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Parasomnias are unusual behaviors that occur just before falling asleep, during sleep, or when waking up.
Various unconscious and largely unremembered behaviors can occur during sleep in children and adults. Just before falling asleep, almost all people occasionally experience brief, involuntary jerks of the arms or the entire body. Occasionally, the legs jerk. Some people also experience sleep paralysis (attempting but being unable to move) or brief fleeting images or thoughts when they are just falling asleep or awakening. People may clench or grind their teeth or have nightmares. Sleepwalking, head-banging, and night terrors are more common among children and can be very distressing for their parents. Usually, children do not remember these episodes.
These frightening episodes result in sitting up, screaming, and flailing about. The eyes are wide open, and the heart races. People appear very frightened. Episodes usually occur during nonrapid eye movement (non-REM) stages of sleep, typically in the first few hours of the night. Night terrors differ from nightmares and may lead to sleepwalking. Night terrors are more common among children. Children should not be awakened because doing so makes them even more frightened. Although children appear highly distressed, they have no memory for the events or mental images after awakening and do not have psychologic problems as a result of these behaviors. Parents need not be overly distressed. Children usually stop having episodes when they become older. Episodes in adults are often associated with psychologic problems.
For children, reassurance from their parents may be all that is needed. If school work or other activities are affected, treatment with certain benzodiazepines, such as clonazepam, may help. Adults may benefit from psychotherapy or drug treatment.
Nightmares are vivid, frightening dreams, followed by sudden awakening. Children and adults may have nightmares. Nightmares occur during rapid eye movement (REM) sleep. They are more likely to occur when people are under stress, have a fever, are excessively tired, or have consumed alcohol.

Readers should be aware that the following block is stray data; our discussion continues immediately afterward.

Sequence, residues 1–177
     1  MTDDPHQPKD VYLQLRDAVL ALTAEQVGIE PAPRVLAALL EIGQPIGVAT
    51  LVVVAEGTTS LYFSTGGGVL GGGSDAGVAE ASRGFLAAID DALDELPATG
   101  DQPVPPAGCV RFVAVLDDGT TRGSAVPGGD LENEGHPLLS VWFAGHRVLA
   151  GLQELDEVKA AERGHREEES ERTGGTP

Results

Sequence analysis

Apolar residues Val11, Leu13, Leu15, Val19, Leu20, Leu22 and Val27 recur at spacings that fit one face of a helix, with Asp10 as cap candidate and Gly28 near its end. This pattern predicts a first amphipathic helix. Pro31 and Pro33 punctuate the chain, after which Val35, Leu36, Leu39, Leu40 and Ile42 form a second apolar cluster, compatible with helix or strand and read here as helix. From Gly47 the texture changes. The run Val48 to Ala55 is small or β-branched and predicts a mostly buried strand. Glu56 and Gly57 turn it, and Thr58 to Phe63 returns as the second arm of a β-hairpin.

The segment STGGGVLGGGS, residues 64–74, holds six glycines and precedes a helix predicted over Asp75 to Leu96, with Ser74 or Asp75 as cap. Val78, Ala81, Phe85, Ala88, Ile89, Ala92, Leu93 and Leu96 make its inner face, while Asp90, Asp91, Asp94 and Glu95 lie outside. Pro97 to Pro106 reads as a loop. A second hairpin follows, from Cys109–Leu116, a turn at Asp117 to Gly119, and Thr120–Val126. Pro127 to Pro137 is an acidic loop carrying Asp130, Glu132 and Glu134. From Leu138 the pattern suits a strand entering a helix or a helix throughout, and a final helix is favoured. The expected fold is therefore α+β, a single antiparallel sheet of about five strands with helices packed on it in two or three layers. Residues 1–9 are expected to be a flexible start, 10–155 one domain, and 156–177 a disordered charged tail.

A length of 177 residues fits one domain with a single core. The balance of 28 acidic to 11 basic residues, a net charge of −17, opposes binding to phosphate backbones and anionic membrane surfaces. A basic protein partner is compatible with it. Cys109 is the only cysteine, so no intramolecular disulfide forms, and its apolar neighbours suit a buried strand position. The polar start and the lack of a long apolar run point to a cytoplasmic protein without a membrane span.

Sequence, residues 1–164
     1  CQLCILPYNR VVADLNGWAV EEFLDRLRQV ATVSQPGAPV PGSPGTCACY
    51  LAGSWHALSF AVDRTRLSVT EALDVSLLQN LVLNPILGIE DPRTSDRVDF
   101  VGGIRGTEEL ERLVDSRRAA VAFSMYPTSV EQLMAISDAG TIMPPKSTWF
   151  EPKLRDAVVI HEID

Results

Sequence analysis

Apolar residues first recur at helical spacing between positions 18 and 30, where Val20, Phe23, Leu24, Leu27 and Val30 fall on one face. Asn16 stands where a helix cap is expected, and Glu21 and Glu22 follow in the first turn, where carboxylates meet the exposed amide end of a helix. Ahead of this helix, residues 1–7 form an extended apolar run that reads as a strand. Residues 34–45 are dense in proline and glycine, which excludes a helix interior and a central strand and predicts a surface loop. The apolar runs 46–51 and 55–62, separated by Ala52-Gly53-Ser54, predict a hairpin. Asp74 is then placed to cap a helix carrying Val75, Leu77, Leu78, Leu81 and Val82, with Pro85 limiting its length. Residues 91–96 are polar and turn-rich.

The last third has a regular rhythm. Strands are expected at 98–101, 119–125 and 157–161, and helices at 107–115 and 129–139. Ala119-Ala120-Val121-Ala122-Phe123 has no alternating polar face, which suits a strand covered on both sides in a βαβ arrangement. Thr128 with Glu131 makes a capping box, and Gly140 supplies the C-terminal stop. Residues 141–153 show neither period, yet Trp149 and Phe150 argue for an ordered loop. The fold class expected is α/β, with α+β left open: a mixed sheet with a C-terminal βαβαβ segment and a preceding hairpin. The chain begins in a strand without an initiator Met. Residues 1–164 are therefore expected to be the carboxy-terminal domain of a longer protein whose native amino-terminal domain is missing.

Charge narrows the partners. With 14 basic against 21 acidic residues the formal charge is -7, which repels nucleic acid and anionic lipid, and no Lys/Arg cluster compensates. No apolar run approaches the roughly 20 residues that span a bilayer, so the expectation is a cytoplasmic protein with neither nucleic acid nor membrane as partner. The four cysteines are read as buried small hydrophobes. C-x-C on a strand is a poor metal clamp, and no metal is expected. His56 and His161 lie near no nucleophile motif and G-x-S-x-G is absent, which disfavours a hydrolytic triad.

Treatment, if necessary, focuses on the underlying problem.
Sleepwalking, most common in late childhood and adolescence, is walking in a semiconscious manner without being consciously aware of it. It occurs during the deepest stages of sleep. People do not dream while sleepwalking—in fact, brain activity during sleepwalking, although abnormal, is more like that of a wakeful state than a sleeping one. Sleepwalkers may mumble repetitiously and can hurt themselves by walking into obstacles. Most sleepwalkers have no memory of sleepwalking.
Not getting enough sleep and behaving in ways that are not conducive to sleep (see Sleep Hygiene) can make sleepwalking more likely. For example, consuming caffeine, exercising, or watching an exciting television show before bedtime may trigger sleepwalking.
Usually, no specific treatment is necessary unless sleepwalking results in injury. Taking measures to improve sleep may help. For example, near bedtime, people should avoid doing anything that stimulates them (such as consuming caffeine). Leaving a light on in the bedroom or adjacent hall sometimes reduces the tendency to sleepwalk. The sleepwalker can be gently led back to bed. Forcibly awakening the sleepwalker may provoke an agitated reaction and is not advised. Obstacles or breakable objects in the sleepwalker’s potential path should be removed, and windows should be kept closed and locked. Alarms to awaken people when they leave their bed can be used. Benzodiazepines, particularly clonazepam, usually help.
This disorder involves speaking (often profanely) and sometimes making violent movements during rapid eye movement (REM) sleep, usually in response to a dream. Unlike night terrors, people with rapid eye movement behavior disorder are sometimes aware of having dreamed vividly during these episodes when they wake up the next day. Violent movements may include waving the arms, punching, and kicking. The violent behavior is not intentional and is not directed at anyone. The disorder is more common among the elderly, particularly those who have disorders that cause degeneration of the brain (such as Parkinson disease or Alzheimer disease). People may inadvertently injure themselves or their bed partner. Also, this behavior interferes with sleep, making people tired and sleepy during the day. Doctors can often diagnose this disorder based on symptoms reported by the person or the person’s bed partner. But if they cannot, polysomnography with electromyography (EMG) is usually done.
There is no cure for the disorder. But clonazepam, a benzodiazepine (which is a sedative), relieves symptoms in most people. A low dose is effective. The drug is usually continued indefinitely. Bed partners should be warned about the possibility of harm and may wish to sleep in another bed until the drug begins to work. People with the disorder should remove sharp objects and furniture from next to their bed.
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